“I can’t get out of Pete Davidson’s head,” cracked Rep. Dan Crenshaw. Davidson had made news again when he whined during his Netflix special: “So I made fun of this guy with an eye patch and then, like, I kind of got forced to apologize,” referring to a famous Saturday Night Live segment.
In his recently released special, “Alive from New York,” Davidson, a comedian and cast member on SNL, revisited the 2018 episode that certainly elevated his name recognition for better or worse.
“I got in trouble last year because I was making some jokes,” said Davidson during the special. “I didn’t think I did anything wrong. It was like words that were twisted so that a guy could be famous … So I made fun of this guy with an eye patch and then, like, I kind of got forced to apologize.”
He said he apologized so he wouldn’t “get shot in the face,” claiming critics were threatening him. One week after Davidson’s insolent comments in 2018, Crenshaw appeared on SNL and Davidson apologized to him in a memorable segment.
— Saturday Night Live – SNL (@nbcsnl) November 11, 2018
It’s puzzling why Davidson would choose to walk-back the apology he made at the time after originally insulting Crenshaw and war vets in general, because it’s sure to again bring scorn his way from conservatives and military supporters.
Speaking with Fox & Friends host Brian Kilmeade on Friday, Crenshaw took the high road. “I can’t get out of Pete Davidson’s head. He has been thinking about me a lot for the past year as he built his comedy routine apparently. I’m not so sure his jokes always land. It is what it is. It’s like our comedic careers are joined at the hip because he can’t stop thinking about me. It’s a little sad,” he said.
Kilmeade attempted to get more of a reaction from the congressman, but he wasn’t taking the bait.
“We had a really good moment, you know, at that time in 2018,” he continued. “America liked it [the televised apology]. The left and right liked it. So, you know, we don’t really want to ruin that.”
Crenshaw related a memory that showed he wanted to keep a positive view.
“The Pete Davidson I remember, you know, he went out to buy some cigarettes while we were rehearsing,” Crenshaw recalled, “and he came back because he had found this lighter that said ‘Never Forget’ on it and he gave that to me as a gesture. He said this was kind of cool that this happened to come up as he was buying cigarettes.”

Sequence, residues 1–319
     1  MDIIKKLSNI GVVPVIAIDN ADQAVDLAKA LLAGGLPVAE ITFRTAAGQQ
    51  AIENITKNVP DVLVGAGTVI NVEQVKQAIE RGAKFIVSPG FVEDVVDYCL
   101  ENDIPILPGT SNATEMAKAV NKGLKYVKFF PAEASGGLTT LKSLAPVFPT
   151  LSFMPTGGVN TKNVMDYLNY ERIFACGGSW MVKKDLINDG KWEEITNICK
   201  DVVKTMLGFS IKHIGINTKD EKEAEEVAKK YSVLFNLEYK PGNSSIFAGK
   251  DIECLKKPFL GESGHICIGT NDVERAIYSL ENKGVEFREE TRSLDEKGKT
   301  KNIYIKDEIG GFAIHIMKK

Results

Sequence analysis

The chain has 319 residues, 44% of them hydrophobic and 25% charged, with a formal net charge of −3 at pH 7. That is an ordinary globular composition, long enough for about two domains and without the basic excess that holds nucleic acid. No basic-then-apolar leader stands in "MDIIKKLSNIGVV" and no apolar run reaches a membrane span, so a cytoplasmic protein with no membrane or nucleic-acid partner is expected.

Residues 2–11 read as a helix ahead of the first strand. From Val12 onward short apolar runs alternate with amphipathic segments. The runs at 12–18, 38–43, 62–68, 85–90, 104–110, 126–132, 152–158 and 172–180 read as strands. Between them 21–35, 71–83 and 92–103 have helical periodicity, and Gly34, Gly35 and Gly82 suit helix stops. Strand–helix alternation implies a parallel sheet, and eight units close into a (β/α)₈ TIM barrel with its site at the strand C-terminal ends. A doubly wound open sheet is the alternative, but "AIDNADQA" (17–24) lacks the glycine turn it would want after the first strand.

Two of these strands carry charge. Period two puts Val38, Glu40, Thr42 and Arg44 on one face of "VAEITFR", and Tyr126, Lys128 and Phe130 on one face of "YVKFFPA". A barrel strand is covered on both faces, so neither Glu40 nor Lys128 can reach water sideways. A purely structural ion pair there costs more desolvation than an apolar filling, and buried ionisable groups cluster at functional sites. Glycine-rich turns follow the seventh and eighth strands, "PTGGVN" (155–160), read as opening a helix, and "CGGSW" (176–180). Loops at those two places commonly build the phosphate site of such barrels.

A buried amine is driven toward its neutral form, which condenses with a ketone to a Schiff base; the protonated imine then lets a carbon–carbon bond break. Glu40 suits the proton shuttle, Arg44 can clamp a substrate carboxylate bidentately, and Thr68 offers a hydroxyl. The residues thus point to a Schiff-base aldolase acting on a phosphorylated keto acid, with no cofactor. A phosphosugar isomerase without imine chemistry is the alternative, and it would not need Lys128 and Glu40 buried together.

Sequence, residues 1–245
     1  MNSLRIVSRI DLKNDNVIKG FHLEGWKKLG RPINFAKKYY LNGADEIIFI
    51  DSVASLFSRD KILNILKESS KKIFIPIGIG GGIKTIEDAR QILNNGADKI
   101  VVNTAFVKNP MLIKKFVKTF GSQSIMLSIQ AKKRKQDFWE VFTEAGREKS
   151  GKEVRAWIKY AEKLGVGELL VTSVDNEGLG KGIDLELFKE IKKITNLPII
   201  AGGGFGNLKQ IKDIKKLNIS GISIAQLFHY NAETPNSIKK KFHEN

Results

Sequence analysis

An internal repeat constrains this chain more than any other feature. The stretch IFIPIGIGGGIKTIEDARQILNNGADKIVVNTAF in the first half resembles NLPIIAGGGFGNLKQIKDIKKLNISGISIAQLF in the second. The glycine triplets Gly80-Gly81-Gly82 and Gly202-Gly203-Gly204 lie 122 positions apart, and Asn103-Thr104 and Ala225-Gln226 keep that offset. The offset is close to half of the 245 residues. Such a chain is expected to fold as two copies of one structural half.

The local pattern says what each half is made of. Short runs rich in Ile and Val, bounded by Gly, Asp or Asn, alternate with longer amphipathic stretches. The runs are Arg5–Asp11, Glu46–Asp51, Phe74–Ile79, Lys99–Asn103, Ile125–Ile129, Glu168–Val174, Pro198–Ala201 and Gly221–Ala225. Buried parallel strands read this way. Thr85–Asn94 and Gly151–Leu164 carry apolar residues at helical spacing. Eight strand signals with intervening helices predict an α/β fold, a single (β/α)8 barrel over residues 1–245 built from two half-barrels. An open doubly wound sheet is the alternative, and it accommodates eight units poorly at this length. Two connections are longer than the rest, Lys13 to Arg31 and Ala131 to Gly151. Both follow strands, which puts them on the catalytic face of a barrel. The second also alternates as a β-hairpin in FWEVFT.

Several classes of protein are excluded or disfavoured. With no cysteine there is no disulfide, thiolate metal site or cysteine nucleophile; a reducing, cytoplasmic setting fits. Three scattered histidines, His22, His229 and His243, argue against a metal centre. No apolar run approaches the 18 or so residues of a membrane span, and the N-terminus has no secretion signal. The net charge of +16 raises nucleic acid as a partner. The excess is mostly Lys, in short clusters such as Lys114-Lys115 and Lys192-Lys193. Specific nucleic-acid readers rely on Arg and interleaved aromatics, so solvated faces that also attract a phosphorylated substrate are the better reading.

Crenshaw added that he believed Davidson “meant well at the time,” but “you can never tell with comedians.”
“To be fair, if we took everything that comedians said on a Netflix special seriously, man, our country would be in a world of hurt,” he said. “I would like to remember the guy that I saw in person and hung out with that night.”
The 2018 Outrage
During an election-year SNL “Weekend Update” skit, Davidson was making fun of various candidates when he brazenly derided Crenshaw for his appearance, and subsequently all military veterans with a callous dismissal of war injuries.
“You may be surprised to hear he is a congressional candidate from Texas and not a hitman in a porno movie,” Davidson said during the skit, as an image of candidate Crenshaw wearing his eye patch was shown. “I know he lost his eye in war or whatever.”
Of course, Crenshaw, an increasingly popular Republican who won his election, is a bona fide hero who served 10-years as an officer in the U.S. Navy, reaching the rank of Lieutenant Commander, before retiring in 2016 after five tours of duty as a Navy SEAL after he lost an eye resulting from an IED detonation in Afghanistan. During his service, Crenshaw earned two Bronze Stars, a Purple Heart, and the Navy and Marine Corps Commendation Medal with valor.
“One of our Afghan interpreters stepped on a pressure plate right in front of me. About 15 pounds of explosives dismembered him right in front of my face. It blinded me, shattered me and knocked me over,” he said in 2018.
“I woke up about five days later. They took some time to stabilize me in Afghanistan and do the surgery to remove my right eye. I woke up without a right eye and blind in the left. They had little faith I would see again, but the fact they said there was a chance … I really believed I would see again.”
Watch Kilmeade’s interview with Crenshaw …
Video by Fox News
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